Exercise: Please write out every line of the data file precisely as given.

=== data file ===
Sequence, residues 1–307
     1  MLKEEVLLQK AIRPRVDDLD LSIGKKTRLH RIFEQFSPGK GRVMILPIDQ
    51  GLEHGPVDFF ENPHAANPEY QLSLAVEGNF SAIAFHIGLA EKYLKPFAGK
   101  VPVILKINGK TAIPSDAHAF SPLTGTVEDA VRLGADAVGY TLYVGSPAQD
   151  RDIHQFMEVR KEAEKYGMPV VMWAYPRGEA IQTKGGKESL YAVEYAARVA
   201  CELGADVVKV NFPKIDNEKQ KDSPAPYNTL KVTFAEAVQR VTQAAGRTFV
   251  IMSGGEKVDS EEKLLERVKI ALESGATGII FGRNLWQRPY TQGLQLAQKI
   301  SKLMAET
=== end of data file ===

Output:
Sequence, residues 1–307
     1  MLKEEVLLQK AIRPRVDDLD LSIGKKTRLH RIFEQFSPGK GRVMILPIDQ
    51  GLEHGPVDFF ENPHAANPEY QLSLAVEGNF SAIAFHIGLA EKYLKPFAGK
   101  VPVILKINGK TAIPSDAHAF SPLTGTVEDA VRLGADAVGY TLYVGSPAQD
   151  RDIHQFMEVR KEAEKYGMPV VMWAYPRGEA IQTKGGKESL YAVEYAARVA
   201  CELGADVVKV NFPKIDNEKQ KDSPAPYNTL KVTFAEAVQR VTQAAGRTFV
   251  IMSGGEKVDS EEKLLERVKI ALESGATGII FGRNLWQRPY TQGLQLAQKI
   301  SKLMAET